This isn’t to say that administrative units individually haven’t created their own strat plans in past years. Many have and some are published on those departments’ web sites. We have also developed interdepartmental project teams to address particular challenges or operational needs. For example, right now we are building on work conducted by the Research and Innovation Office to identify opportunities for improved research administration with a team drawn from the Office of the VP Research and Innovation; Financial Services, Human Resources and CCS (VP Administration and Finance). However, in the past we have not together established Administration and Finance longer-term goals and objectives.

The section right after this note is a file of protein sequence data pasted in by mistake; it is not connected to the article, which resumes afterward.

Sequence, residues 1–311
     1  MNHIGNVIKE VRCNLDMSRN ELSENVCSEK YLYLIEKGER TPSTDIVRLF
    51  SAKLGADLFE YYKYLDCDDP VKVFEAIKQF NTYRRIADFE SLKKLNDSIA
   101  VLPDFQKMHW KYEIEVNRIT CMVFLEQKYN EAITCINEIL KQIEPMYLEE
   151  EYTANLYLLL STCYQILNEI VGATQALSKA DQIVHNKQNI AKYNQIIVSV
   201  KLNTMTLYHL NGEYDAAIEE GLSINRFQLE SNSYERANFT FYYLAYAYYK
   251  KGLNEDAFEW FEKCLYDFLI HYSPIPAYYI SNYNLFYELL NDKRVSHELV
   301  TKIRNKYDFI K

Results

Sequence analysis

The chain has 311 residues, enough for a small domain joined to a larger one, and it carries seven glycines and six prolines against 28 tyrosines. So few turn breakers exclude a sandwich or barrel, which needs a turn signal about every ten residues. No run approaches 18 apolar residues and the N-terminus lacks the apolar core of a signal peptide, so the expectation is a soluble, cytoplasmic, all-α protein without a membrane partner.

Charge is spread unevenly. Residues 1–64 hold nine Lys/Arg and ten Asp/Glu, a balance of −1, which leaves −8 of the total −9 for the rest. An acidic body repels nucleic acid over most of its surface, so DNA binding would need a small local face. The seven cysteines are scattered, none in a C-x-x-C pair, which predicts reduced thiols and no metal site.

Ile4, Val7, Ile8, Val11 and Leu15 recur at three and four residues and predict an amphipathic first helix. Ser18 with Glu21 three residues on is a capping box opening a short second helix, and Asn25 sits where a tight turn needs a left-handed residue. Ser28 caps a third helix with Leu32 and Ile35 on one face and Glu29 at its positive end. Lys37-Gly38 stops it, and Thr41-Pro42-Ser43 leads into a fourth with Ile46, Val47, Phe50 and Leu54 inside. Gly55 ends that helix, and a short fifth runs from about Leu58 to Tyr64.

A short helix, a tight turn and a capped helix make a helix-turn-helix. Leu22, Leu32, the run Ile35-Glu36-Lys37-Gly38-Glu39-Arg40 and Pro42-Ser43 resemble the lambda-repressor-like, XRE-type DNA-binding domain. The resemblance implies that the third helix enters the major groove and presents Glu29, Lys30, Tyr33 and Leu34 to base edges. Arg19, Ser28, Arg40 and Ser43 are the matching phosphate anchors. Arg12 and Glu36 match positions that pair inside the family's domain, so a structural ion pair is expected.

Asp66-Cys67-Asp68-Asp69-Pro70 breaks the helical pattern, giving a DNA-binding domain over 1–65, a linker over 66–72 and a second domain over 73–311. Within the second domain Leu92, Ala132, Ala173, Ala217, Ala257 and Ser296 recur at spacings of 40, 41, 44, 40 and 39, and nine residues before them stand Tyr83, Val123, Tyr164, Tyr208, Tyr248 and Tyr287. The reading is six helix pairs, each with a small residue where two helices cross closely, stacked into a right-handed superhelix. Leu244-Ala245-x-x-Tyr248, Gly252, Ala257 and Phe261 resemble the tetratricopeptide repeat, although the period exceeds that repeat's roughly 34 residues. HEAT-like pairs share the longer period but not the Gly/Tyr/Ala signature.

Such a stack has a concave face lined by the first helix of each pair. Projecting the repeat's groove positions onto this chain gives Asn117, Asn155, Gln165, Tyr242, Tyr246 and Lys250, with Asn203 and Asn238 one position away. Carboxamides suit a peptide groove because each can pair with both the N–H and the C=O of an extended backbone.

This integrated approach to strategic planning for 2014-2019 was contemplated not only by Provost Lachemi’s groundbreaking consultation (notably meeting with leaders in administrative areas multiple times before the plan was finalized), but also in the next steps identified in the Plan itself:
“All academic and administrative units will prepare or renew individual plans that support the university’s future direction set out in the academic plan. Units set goals and objectives for their respective areas and act on strategies contained in the academic plan that are relevant to them.” [Emphasis added]
Building on Strengths
As my team embarks on this process we are enthusiastic but realize we have a daunting task.